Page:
Share this post TFUPM Posted November 13, 2014

The winter season is typically a troublesome time for inexperienced growers and new gardeners. While it may seem scary, the winter season isn’t all that bad for a grower who is prepared and educated on how to best handle the change in temperatures and overall alterations in weather factors. As a general rule, plants that are maintained well all throughout the year have the best changes of surviving the winter. Maintenance refers to keeping these crops healthy year-round through watering, fertilizing, and proper pruning. However, this is not to say that winter is not a harsh time for plants. Even the most properly maintained of crops can fall victim to roots or tops freezing, dried out soil, and other damages that come from low temperatures, snow, and high winds.

During the winter it often seems as though there is not much going on in the garden. However, much is happening below the soil that cannot be seen. There’s a lot of misconceptions regarding how winter effects plants. For instance, while snow can certainly endanger your plants, it can also protect them. A solid covering of snow can often serve much like mulch for the soil, as it insulates and protects. Nevertheless, snow piled on branches will weigh them down and breakage becomes a risk. Therefore, snow should be knocked from the lower branches first and then move upward to knock off the rest.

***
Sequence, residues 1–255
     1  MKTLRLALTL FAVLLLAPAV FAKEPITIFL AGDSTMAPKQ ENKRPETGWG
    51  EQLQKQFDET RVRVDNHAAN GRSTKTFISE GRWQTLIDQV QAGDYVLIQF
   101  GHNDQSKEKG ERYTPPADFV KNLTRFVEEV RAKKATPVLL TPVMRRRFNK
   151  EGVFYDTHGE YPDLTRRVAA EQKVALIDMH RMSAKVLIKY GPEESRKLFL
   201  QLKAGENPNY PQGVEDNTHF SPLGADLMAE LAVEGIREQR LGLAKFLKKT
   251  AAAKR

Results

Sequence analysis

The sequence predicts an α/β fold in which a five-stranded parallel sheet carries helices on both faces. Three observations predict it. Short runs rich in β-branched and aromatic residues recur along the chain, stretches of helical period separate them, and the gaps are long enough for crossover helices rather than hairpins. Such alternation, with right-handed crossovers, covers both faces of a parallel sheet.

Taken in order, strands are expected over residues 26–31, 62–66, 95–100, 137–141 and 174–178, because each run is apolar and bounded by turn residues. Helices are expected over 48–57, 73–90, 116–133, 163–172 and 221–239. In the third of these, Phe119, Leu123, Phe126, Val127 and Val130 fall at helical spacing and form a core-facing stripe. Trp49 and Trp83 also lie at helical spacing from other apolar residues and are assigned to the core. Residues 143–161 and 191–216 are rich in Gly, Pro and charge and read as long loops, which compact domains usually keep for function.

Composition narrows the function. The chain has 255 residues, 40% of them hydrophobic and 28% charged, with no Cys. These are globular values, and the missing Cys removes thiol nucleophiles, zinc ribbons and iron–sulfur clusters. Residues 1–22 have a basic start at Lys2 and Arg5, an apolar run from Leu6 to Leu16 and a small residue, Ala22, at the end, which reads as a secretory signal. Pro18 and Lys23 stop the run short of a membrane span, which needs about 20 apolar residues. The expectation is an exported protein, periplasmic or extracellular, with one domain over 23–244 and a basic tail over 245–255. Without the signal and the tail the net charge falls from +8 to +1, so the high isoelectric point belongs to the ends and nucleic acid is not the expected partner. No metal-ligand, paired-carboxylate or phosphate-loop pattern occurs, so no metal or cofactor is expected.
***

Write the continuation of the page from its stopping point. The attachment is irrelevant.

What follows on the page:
Preparing your vegetables crops is an important part coming into the heavy winter months. The fall season is the time to do a thorough cleanup of the garden in order to prepare for the new growing season that eventually comes during the spring. Then, it is important to look into planting cover crops, otherwise known as green manure. Green manure is not used for the intention of harvest, but rather to protect the soil underneath the ground. The cover crop helps to keep the topsoil from washing away or blowing away during harsh weather conditions. In addition, the cover crop shades the soil in order to prevent the germination of the weeds.

Preparing your crops for the winter is not as much difficult as it is time-intensive. In order avoid having to start all over during the spring season, take the time to prepare your harvest now for the heavy winter months that are coming in the near future.

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